Saturday, 10 October 2009 - 11:45 pm


I don’t know how Dad did it, but Thorpe came to the infirmary today. The first I knew of it was a kerfuffle out in the main room while I was trying to get Clancy, the amputee, to eat something. He was resisting my efforts to get a spoon between his lips and I was just about to give up when I heard voices rising outside.

I went to see what was going on – some of the other patients have been getting snappish between boredom and a lack of painkillers – and found my big fireman friend facing off with the nurse, Peter. I rushed over before something unpleasant happened.

“He’s refusing to let anyone except you deal with him,” Peter said, throwing his hands up. Thorpe looked entirely unapologetic about the matter.

“He’s a friend,” I said. “It’s okay.”

“Special, are you?” I wasn’t sure if he meant me or Thorpe, and I wasn’t sure that I wanted to know.

I bit my tongue on what I wanted to say. “Not that special. I can’t get Clancy to eat anything – do you wanna see if you have any luck?”

“Great, now I’m doing your work too?”

“Consider it a swap,” I said, gesturing at Thorpe.

Peter grumbled away and I had to shepherd a scowling Thorpe into a back room so we could have some privacy. He’s doing better; he said things were fine and his ribs are healing. I noticed a couple of new bruises, though, and a recent scrape on his hand.

“Been keeping the peace again?” I asked while I cleaned up his hand.

He glanced at me sideways but chose to change the subject by asking, “He been bothering you?”

It took me a moment to realise who he meant. “Peter? No, he’s okay.”

Thorpe grunted like he didn’t believe me.

“Why, would you go out there and smack him if he was?” I was kidding, but Thorpe wasn’t. My half-smile faded and there was an odd little pain in my chest when I realised he really would do that. His affection is startling when it sneaks out. “It’s okay, you don’t have to,” I said quietly. “Don’t go getting yourself in trouble, huh?”

“Like you, you mean?”

Despite all the segregation in this place, word travels fast. I wrinkled my nose at him and scruffed his hair – he was sitting down, so I could reach his head without tiptoeing. He was as stoic as ever, pointedly ignoring his ruffled hair. That was when I noticed how short it was, barely touching his collar at the back, the ends all blunt and neat.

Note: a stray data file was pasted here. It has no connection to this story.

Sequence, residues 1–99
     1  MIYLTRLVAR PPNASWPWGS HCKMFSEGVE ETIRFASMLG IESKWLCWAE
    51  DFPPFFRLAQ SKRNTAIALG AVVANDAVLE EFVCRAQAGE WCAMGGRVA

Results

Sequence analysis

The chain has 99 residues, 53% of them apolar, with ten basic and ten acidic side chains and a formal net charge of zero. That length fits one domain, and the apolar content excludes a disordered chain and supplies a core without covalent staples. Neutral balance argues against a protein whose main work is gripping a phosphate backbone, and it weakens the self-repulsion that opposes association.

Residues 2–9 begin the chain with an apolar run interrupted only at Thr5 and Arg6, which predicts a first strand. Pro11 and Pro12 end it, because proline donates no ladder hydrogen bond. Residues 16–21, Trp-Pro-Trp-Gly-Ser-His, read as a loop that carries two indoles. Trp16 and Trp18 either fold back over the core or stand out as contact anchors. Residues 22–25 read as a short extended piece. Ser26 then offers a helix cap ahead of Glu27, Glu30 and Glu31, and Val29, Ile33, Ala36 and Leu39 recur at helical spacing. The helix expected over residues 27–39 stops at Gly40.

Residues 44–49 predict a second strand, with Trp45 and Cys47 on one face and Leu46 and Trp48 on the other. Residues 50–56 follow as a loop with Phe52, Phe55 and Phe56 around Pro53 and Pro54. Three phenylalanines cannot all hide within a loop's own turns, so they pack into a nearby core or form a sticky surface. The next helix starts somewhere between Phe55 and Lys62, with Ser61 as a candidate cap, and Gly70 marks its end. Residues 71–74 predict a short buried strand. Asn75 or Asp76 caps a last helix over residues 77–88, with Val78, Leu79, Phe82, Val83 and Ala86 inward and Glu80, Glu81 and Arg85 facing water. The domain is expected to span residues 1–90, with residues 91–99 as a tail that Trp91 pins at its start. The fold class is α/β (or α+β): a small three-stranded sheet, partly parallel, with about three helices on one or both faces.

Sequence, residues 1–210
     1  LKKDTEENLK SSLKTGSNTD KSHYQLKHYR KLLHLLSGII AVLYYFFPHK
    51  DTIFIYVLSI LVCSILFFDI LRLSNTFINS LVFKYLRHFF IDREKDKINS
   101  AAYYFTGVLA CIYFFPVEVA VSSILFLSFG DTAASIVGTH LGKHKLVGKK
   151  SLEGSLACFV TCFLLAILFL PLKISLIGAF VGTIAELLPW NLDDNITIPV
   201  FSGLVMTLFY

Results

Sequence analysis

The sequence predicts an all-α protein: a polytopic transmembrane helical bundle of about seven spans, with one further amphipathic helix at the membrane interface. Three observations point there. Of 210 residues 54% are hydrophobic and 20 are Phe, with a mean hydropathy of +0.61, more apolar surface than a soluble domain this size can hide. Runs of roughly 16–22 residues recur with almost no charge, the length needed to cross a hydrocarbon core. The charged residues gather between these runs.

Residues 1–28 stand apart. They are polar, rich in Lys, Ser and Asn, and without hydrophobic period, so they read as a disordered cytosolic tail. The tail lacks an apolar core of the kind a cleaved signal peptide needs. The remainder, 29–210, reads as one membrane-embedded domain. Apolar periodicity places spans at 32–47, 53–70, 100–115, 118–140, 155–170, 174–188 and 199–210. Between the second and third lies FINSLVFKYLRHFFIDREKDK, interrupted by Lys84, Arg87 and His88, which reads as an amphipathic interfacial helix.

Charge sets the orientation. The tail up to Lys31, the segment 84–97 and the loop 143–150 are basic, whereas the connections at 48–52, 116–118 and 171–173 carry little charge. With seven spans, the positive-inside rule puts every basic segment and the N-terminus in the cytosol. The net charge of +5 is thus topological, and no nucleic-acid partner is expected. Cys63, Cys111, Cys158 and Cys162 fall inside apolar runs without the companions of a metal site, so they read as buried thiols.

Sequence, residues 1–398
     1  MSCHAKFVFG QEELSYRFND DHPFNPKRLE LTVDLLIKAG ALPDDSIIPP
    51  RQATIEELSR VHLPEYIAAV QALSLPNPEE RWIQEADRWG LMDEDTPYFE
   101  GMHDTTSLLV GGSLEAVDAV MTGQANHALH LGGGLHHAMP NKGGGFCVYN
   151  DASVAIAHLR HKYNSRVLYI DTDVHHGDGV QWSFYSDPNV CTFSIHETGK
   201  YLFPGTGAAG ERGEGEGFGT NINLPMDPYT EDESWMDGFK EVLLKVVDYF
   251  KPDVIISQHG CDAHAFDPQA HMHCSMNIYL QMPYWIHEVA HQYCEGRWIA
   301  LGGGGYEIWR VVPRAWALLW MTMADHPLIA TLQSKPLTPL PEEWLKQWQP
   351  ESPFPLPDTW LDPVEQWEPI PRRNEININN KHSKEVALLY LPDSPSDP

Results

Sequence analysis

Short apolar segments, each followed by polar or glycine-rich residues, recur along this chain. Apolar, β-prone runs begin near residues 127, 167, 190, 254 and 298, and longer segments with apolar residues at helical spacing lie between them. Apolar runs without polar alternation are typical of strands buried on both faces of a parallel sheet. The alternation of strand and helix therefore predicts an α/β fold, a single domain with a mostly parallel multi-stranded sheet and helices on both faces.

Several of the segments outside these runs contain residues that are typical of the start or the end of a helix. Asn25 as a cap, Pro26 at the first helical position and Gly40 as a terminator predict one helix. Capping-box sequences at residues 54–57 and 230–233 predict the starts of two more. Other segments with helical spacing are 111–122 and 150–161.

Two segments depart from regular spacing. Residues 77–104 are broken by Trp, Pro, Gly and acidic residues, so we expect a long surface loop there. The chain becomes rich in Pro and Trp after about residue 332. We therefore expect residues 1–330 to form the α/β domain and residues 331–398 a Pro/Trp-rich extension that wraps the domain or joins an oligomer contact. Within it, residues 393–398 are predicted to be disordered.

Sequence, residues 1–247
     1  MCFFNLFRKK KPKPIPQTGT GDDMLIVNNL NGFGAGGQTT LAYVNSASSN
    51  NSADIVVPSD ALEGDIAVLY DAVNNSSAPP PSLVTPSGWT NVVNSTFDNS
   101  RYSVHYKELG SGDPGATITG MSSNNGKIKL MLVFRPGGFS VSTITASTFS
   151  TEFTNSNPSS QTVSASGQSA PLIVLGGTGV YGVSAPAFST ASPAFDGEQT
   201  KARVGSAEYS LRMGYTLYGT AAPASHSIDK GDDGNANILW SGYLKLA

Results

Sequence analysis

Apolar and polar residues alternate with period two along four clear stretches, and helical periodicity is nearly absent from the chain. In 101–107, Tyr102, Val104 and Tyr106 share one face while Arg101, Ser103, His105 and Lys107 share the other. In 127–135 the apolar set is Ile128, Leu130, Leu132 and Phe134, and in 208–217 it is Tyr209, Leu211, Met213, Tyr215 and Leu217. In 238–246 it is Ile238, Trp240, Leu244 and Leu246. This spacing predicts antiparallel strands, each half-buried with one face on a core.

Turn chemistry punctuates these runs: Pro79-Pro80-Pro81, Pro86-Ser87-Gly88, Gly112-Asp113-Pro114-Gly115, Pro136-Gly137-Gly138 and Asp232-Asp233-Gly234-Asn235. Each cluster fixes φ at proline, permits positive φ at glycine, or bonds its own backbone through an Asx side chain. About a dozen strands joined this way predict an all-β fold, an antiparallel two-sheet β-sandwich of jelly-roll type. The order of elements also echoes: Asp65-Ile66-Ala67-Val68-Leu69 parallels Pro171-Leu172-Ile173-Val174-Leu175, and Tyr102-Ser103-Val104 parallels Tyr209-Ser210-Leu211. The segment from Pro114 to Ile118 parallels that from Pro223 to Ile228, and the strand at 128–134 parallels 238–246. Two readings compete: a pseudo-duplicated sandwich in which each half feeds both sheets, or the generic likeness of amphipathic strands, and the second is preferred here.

“Matt’s work?” I asked. There was an odd, nauseating twist in my innards when I thought about it; the image of Matt fiddling with Thorpe’s hair reminded me of when I saw them together on that morning after. It was ridiculous; a haircut was nothing to feel jealous over.

“They can’t send him back onto the roof until his leg’s better. He’s keeping busy.”

Well, he was doing all right, at least. I tried to ignore the rest and asked about the other Seekers instead. Thorpe said they were doing fine. There was no accompanying scowl to indicate secret concern, so I think that was the truth and not just a stout assurance.

He said that all the able-bodied hands have been put on the recovery effort. First, they covered the ruined area so that the rain doesn’t damage anything else. Now they’re working on salvaging what they can from the wreckage.

“Dad said the mood was pretty bad out there.”

“It’s not the first time something like this has happened.”

I paused to blink at him. “What do you mean?”

“There are lots of rumours.” Thorpe’s tone didn’t give the rumours much weight – he’s heard varying wild stories, no doubt. “Been a couple of accidents around this Converter of theirs now. Half of them are convinced that the whole project is cursed.”

“Cursed?” I wrinkled my nose again, in doubt this time. Thorpe’s grunt agreed with me. I don’t believe in any of that stuff. Why does superstition have to get involved in these things? People are so eager to see patterns where there aren’t any and make a meaning of it.

Or maybe there is a pattern and they’re just blaming the wrong cause. I asked Thorpe what kinds of accidents they were, but he didn’t know; I’d have to ask someone who was around when they happened. It’s probably nothing, though; just people’s paranoia inventing intrigue where there isn’t any. In the After, it’s easy to believe that the world is conspiring against you.

Still, no harm in finding out a bit of history, right?